Sometimes marketing can seem more complicated simply because of the vocabulary. Like every other industry, people tend to get caught up in the buzzwords.
But it’s always confusing when you enter a conference with professionals in your own field and can’t understand exactly what they’re talking about. Aren’t you all supposed to be in the same business?
It’s easier if professionals are all on the same page about their terminology and techniques.
Today, we wanted to clear up one of the most confusing set of phrases we’ve come across so far: retargeting vs. reactivation vs. remarketing.
These can all be useful marketing techniques, but it seems like every company is using these terms differently! So here’s a guideline for understanding what each of these should mean.
Retargeting – When someone has visited a brand’s website, or their information is otherwise captured through lead generation methods (such as signing up for a class or downloading a brochure), and they don’t take any further actions (such as completing a purchase or becoming a member), you will likely approach them with “retargeting” efforts.
This means that you successfully targeted them once (they must have heard about your brand in order to show interest in the first place), but then there was a missed connection along the way. So you need to target them a second time, more deliberately and effectively, based on the actions they’ve already taken. Now you know a little about them.
Perhaps they visited your bird sanctuary, and landed on your page about spotted owls; next, you want to show them ads that specifically mention how they can support the spotted owls by donating to your sanctuary. That’s a solid retargeting approach.
Reactivation – Reactivating basically means reaching out to people who have already been customers or clients, but maybe you haven’t heard from them in a while. You want to speak to them like people who already know about your brand and probably already like you. This phrase is often used when it comes to weeding out the cold prospects from the warm. Some people have gone silent because they are not likely to become lifetime customers, and you will waste a lot of time trying to re-engage them indefinitely. A successful reactivation campaign might show you who is going to come back, which means you should keep nurturing those people, versus who is gone for good, and should be put on a “cold” list.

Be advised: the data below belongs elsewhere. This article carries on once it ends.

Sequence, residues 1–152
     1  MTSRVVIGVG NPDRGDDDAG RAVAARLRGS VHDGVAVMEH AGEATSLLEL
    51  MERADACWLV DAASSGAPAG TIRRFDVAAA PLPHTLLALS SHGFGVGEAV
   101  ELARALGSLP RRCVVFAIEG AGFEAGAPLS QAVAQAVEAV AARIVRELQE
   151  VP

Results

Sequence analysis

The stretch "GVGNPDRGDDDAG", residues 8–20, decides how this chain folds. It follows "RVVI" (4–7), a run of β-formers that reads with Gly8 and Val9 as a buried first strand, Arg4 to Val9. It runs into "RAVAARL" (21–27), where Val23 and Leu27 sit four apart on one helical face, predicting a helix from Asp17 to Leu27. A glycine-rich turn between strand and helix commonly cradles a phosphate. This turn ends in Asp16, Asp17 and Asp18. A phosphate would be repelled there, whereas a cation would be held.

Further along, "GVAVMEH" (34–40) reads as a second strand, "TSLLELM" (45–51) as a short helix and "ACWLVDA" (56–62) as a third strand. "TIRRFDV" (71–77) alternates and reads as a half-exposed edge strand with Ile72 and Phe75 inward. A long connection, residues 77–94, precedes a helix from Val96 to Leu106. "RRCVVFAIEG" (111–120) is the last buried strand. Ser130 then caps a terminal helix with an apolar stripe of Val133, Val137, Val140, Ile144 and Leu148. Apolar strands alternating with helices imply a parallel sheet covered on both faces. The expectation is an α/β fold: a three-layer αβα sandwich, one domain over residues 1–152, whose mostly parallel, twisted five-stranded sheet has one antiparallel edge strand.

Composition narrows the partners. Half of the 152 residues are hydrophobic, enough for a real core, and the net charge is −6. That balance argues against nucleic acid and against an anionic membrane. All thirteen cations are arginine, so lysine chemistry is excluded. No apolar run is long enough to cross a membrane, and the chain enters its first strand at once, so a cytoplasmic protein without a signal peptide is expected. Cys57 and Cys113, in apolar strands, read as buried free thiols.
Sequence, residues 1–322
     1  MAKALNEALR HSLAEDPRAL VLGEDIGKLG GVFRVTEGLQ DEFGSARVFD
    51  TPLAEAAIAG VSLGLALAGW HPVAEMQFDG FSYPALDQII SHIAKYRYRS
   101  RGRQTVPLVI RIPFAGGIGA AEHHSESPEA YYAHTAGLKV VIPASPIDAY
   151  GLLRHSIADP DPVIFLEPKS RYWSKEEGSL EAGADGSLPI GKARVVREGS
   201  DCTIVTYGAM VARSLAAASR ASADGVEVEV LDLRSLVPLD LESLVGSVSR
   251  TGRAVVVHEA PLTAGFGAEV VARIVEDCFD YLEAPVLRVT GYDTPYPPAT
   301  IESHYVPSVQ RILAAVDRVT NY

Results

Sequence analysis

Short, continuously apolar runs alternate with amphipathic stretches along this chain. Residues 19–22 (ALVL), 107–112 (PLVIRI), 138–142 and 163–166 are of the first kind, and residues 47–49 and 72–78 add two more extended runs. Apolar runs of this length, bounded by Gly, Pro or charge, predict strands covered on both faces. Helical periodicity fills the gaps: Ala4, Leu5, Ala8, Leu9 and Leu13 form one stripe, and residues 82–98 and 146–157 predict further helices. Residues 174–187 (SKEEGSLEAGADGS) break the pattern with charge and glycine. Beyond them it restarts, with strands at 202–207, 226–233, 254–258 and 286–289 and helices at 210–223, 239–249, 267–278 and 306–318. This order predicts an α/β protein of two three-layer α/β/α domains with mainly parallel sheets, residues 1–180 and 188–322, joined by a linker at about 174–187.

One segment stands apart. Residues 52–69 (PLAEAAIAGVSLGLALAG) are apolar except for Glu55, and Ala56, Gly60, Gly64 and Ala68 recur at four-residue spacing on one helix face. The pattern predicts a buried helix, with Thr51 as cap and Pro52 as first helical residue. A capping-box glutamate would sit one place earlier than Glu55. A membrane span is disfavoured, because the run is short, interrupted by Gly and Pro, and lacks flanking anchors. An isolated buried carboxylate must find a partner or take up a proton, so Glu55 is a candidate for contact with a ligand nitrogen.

Remarketing – Remarketing is a lot like reactivating; in fact, some companies use this phrase interchangeably. Once again, you’re reaching out to audiences who have already engaged successfully with your brand. You can segment your campaigns to them based on their actions, so it’s a little more specific than when you’re just broadly “marketing” to everyone at once, or when you’re “retargeting” to leads who have never actually engaged with your company before. As opposed to “reactivation,” this phrase might be used when you’re not in the midst of cleaning up your lists or trying to figure out which segments of your audience are worth investing further time and cost on.
Here’s the bottom line: Agencies might use strange vocabulary internally, but what matters most is that they can clearly explain their approach to the client. You can tell that someone knows what they’re actually talking about when you know what they’re talking about.
If a so-called “marketing expert” is using too many fancy buzzwords, they’re probably more flash than substance.
At Mad 4 Marketing, we always ensure that you understand your strategy from the start. Ready to find out? Let’s talk.